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  • Author: Jeanne F. Nichols x
  • Psychology and Behavior in Sport/Exercise x
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Deborah F. Verfaillie, Jeanne F. Nichols, Ellen Turkel and Melbourne F. Hovell

The purpose of this study was to compare the effects of resistance training alone or in combination with balance and gait training on balance and gait measures in seniors. Subjects, ranging in age from 65 to 83 years, were randomly assigned to a strength and balance/gait group (SB, n = 21 ) or a control group (S, n = 18) receiving strength and relaxation training. Both groups significantly increased their strength and gait speed over the 12-week training period, but step length remained unchanged. The results suggest that elders can make significant gains in muscular strength and walking speed through resistance training, and that adding balance and gait training to resistance training can significantly improve some balance and gait measures beyond improvements achieved from strength training alone. If replicated, these results set the stage for investigations of injury control benefits possible from balance training.

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Jeanne F. Nichols, Karen P. Nelson, Katrina K. Peterson and David J. Sartoris

The purpose of this investigation was to determine the effects of high-intensity strength training on bone mineral density (BMD) of 34 non-estrogen-repleted, active women over 60 years of age. The study was designed as a randomized, nonblinded trial in which subjects were stratified into rank-ordered pairs by level of physical activity, then randomly assigned into either a weight training (WT) or a control (CON) group. BMD of the spine (L2–L4), hip, and total body was assessed at 0, 6, and 12 months by dual energy x-ray absorptiometry. Group-by-time repeated-measures ANOVA demonstrated no effect of weight training on BMD, despite marked gains in muscular strength for all exercises. The high-intensity weight training utilized in this study did not induce positive changes in BMD of the hip and spine of previously active, non-estrogen-repleted older women. However, the protocol was safe, enjoyable, and highly effective in increasing muscular strength.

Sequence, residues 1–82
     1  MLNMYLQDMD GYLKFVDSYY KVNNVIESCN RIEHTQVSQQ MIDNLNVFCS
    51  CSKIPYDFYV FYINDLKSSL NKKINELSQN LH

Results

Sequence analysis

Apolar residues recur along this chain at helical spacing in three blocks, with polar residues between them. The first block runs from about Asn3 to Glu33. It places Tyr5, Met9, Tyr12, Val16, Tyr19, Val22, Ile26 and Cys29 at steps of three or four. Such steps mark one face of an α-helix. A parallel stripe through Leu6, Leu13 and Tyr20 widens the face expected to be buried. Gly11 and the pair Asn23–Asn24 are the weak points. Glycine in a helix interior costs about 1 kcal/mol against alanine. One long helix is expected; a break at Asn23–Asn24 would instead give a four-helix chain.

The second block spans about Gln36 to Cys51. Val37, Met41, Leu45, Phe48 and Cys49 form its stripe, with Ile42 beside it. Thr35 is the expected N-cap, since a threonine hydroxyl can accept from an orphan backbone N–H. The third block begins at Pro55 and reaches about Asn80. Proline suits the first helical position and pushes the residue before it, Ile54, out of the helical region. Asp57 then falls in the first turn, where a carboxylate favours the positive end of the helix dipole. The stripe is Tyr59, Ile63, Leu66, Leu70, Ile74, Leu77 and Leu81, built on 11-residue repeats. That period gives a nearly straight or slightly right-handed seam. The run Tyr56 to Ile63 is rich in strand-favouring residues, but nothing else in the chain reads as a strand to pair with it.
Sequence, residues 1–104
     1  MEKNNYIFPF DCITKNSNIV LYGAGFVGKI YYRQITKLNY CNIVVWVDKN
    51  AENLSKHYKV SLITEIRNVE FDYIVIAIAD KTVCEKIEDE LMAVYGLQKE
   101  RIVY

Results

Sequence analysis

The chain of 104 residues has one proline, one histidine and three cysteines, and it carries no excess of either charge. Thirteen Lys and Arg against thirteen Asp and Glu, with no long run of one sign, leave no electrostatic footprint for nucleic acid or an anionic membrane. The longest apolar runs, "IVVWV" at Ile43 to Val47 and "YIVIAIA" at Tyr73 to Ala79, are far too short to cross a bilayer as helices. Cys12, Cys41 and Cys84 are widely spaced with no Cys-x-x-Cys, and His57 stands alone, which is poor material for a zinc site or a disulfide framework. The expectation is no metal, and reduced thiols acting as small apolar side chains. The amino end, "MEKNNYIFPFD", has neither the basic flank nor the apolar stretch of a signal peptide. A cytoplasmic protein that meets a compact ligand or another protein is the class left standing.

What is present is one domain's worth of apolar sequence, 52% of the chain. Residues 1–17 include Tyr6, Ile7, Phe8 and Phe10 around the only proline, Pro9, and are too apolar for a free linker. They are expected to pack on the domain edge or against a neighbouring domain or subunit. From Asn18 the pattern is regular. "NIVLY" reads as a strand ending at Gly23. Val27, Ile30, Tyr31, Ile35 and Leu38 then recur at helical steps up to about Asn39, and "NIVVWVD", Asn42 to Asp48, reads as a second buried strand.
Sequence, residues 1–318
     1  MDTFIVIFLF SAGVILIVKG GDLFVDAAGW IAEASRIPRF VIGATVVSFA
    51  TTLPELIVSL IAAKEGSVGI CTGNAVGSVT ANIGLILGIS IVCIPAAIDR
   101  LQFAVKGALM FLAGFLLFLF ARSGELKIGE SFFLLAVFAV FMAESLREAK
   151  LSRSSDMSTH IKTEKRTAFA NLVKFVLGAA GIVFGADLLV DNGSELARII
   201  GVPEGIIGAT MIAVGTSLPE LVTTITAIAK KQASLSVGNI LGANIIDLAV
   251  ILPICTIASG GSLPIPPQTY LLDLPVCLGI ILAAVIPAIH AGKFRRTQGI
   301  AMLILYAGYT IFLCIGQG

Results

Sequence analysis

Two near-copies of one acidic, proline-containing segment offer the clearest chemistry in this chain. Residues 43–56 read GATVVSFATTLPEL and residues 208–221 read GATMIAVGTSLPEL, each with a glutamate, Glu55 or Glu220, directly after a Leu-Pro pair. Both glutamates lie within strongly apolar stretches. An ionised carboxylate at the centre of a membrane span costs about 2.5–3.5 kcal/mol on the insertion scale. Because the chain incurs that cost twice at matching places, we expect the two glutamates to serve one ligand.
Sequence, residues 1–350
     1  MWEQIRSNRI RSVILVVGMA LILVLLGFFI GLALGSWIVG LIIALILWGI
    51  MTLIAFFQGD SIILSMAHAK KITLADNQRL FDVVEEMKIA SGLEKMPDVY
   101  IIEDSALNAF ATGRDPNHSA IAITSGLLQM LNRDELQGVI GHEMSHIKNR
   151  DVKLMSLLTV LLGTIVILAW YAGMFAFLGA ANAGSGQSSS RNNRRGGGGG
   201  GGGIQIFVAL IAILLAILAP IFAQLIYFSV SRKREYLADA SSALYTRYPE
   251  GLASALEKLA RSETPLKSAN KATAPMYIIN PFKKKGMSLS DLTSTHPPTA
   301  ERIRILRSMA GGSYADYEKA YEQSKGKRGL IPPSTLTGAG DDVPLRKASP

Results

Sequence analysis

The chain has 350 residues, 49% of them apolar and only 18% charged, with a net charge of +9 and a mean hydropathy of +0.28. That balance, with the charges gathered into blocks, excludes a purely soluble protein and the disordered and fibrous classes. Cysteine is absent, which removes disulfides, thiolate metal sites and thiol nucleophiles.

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Jeanne F. Nichols, Lori M. Hitzelberger, Jennifer G. Sherman and Patricia Patterson

This study examined the efficacy of a progressive resistance exercise program, using equal concentric/eccentric (CE) or greater eccentric/concentric (GE) workloads, for increasing strength and improving functional abilities of community-dwelling older adults. Sixty men and women were randomly assigned to one of three groups: CE, GE, or control. All strength testing and training took place on six Lifecircuit machines. Functional tests included a bas carry, weighted stair climb, shelf task 1-RM, and static balance. Significant interactions in strength tests were noted for the chest, back, and shoulder exercises. GE improved in shoulder strength more than CE and control For functional measures, all weight trainers were grouped and compared to controls. A significant interaction occurred for the stair climb and balance with the exercise groups decreasing stair climb time by 11% and increasing balance time by 26%. Relative improvements by weight trainers of 12% for the shelf task and 7% for the bag carry were not significant. These data indicate that a moderate intensity resistance program can have positive effects on tasks required for everyday function.